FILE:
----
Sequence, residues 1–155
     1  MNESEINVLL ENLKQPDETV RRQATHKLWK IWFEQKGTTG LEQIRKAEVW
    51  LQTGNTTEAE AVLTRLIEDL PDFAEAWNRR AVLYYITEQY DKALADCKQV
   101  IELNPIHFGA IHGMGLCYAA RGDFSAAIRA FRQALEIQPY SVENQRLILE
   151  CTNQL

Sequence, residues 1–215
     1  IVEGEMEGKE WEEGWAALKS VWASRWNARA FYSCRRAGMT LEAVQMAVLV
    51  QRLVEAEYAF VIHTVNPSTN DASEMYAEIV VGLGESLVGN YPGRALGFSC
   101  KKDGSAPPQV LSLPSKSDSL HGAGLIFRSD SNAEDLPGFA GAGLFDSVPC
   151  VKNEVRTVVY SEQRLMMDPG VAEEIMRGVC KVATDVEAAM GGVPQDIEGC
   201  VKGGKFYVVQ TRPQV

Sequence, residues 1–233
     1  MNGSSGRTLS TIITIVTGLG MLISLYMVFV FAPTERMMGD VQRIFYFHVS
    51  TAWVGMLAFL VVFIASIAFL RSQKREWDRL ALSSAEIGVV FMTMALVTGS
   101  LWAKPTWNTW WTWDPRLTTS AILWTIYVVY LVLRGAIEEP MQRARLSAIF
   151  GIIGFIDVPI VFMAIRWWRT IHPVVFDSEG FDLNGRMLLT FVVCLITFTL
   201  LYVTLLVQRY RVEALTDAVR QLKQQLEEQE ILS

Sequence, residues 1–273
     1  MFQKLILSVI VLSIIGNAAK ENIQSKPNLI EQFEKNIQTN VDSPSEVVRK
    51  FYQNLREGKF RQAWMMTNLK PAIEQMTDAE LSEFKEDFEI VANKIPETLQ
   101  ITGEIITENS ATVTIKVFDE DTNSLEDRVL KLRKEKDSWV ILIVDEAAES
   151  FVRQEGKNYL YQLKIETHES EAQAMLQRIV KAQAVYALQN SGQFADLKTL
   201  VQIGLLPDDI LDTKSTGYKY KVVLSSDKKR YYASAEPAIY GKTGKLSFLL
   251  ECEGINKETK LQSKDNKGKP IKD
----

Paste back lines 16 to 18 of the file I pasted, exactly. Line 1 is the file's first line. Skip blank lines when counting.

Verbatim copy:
   151  GIIGFIDVPI VFMAIRWWRT IHPVVFDSEG FDLNGRMLLT FVVCLITFTL
   201  LYVTLLVQRY RVEALTDAVR QLKQQLEEQE ILS

Sequence, residues 1–273